# Finite number of Turing machines running concurrently on multi-tapes Turing-machine-equivalent?

So basically, there are several (finite number of) Turing machines being able to read off and write to the same set of tapes (the number of tapes is finite, but each tape may have infinite tape spaces). And then we consider a group/machine of these machines to solve a problem. Would this machine be Turing machine-equivalent?

• What are your thoughts on the matter? – Yuval Filmus Oct 30 '14 at 19:27
• My belief is in ordinary understanding of Church-Turing thesis. But I want rigorous understanding. If I have to give a reason for my belief, I would say: "The fact that we seem to be able to compute "every" problem that the machine above can compute in TM supports that the machine is Turing machine-equivalent." – Lamos Oct 30 '14 at 19:31
• But the problem is, how do we know "every" is the case? – Lamos Oct 30 '14 at 19:31
• Each sub-machine of the whole machine accepts only problems are recursively enumerable, but these sub-machines can read off the output from different sub-machines, suggesting this is not modelled by NTM (non-deterministic turing machine). – Lamos Oct 30 '14 at 19:33
• You don't nned to know "every" you only need to prove that your construct can simulate a single turing machine – slebetman Oct 31 '14 at 4:01

A roung, informal sketch of how I would prove this:

1. We can simulate multiple threads running concurrently in a programming language like C. (Note that this is without hardware support! There are some cool ways to do this, my favorite is using continuations in Scheme, inserting a call to a thread scheduler whenever a function returns).

2. We can simulate a multi-tape TM with a single-tape TM.

3. We can simulate a single-tape TM in a programming language like C.

From this, we get that we can simulate a multi-tape TM in our programming language. Since we can simulate threads, we can now simulate multiple multi-tape TM's running concurrently. And, since we can simulate C with a single-tape TM, we can simulate the whole thing with a single-tape TM.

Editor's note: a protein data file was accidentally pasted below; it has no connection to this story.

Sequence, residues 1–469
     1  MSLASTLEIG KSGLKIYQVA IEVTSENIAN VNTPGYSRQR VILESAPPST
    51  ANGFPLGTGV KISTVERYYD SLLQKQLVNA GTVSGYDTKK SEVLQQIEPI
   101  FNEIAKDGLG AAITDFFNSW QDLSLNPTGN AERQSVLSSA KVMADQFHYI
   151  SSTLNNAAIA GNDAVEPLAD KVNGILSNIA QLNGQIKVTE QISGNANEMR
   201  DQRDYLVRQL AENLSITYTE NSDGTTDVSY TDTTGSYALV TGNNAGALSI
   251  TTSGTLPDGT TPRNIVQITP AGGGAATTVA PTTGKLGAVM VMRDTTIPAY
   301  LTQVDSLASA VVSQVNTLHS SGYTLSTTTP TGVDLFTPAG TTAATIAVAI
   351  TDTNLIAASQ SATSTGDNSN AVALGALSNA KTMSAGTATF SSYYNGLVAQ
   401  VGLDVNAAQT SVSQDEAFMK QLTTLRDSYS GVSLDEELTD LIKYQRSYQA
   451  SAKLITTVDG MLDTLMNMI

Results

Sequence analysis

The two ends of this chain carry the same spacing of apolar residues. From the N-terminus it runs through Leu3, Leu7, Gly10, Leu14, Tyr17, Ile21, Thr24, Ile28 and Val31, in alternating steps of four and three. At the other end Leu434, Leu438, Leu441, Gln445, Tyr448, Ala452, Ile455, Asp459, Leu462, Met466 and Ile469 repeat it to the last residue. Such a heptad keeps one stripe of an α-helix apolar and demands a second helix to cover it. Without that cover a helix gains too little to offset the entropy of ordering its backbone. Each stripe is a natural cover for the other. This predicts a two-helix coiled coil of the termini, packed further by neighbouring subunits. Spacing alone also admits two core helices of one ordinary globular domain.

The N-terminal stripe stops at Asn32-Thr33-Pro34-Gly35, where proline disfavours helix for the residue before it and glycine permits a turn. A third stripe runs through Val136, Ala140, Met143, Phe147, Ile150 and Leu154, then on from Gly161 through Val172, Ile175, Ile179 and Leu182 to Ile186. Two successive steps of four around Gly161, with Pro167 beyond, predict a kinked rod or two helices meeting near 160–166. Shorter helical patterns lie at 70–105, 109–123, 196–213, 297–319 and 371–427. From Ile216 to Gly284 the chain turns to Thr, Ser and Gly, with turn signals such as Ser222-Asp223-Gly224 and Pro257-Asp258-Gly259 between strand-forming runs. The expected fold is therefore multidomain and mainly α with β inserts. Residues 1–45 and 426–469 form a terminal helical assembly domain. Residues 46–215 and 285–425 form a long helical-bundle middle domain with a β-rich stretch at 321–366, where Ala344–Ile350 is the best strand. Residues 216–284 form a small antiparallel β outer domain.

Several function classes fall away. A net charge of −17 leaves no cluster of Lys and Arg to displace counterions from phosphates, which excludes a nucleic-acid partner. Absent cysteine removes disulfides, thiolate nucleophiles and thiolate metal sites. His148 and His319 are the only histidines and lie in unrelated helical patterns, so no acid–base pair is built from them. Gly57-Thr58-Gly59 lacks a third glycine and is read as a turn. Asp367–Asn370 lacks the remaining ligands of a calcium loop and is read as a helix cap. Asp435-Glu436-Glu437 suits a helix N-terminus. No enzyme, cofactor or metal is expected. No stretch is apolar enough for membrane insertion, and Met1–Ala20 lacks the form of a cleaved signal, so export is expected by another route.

The transitivity of turing-completeness is a useful tool. That is, if A simulates B, and B simulates C, then A simulates C.

In order to show formally that your model only computes computable functions, you need to prove a simulation result: given a set of Turing machines communicating according to some protocol, show how to simulate them on a single Turing machine. Such simulation results show, for example, that multitape Turing machines are no stronger than single tape Turing machines.

The first step in a formal proof would be to formally define your model of computation. Then, given an instance of your model, you have to show how it can be simulated on a Turing machine, or on any other equivalent model. This is going to be very messy, but probably doable.

We usually rely on the Church-Turing thesis and our intuition instead of proving things formally. The reason is that usually such extended computation models are given in order to simplify some proof - to present it in a more comprehensible manner. It would defeat the purpose if each time we would have had to spend many pages proving simulation results.

In the same way, proofs in mathematics are usually not formal in the sense that they are given in some formal axiom system, but rather they rely on the mathematical judgment of the reader. This is part of what is sometimes called mathematical maturity - presenting things using the correct amount of detail.

• So there has been no formal model for such kind of machine? That's a surprise.. I thought given how many concurrent stuffs are going on, there would be a formal machine of this kind.. – Lamos Oct 30 '14 at 19:40
• There might be a formal model, perhaps even several. But I imagine there are several different ways of formalizing it, and it's hard to say what you have in mind. You can search the literature yourself if you're interested. – Yuval Filmus Oct 30 '14 at 19:57